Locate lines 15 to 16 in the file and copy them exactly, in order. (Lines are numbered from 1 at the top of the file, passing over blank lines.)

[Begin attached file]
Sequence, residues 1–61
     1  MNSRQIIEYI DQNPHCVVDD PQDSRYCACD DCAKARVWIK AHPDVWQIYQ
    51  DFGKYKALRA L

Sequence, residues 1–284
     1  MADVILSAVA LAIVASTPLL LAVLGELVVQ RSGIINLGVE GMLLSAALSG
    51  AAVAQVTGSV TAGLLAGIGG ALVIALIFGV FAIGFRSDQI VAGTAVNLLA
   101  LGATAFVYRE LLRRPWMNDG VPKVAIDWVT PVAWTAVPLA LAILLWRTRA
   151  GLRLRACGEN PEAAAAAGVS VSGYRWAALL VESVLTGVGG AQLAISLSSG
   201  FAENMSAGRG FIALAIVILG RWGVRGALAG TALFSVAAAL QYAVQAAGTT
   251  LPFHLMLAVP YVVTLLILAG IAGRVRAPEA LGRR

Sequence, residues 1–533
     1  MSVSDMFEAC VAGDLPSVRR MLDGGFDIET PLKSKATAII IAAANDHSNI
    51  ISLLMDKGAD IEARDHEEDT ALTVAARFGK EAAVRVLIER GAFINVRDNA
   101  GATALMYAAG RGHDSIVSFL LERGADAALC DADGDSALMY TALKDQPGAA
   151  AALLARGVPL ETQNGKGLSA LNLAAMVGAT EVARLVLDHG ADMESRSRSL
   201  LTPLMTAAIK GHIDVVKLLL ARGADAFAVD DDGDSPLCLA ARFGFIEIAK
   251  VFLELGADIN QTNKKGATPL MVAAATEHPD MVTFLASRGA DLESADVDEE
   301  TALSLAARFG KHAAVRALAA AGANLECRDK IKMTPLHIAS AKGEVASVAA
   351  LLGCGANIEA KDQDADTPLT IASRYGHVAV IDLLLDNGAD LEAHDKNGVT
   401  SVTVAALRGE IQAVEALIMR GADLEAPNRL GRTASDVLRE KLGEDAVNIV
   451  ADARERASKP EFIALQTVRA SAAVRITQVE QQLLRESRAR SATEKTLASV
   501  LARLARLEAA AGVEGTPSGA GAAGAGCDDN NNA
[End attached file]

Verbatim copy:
   151  AALLARGVPL ETQNGKGLSA LNLAAMVGAT EVARLVLDHG ADMESRSRSL
   201  LTPLMTAAIK GHIDVVKLLL ARGADAFAVD DDGDSPLCLA ARFGFIEIAK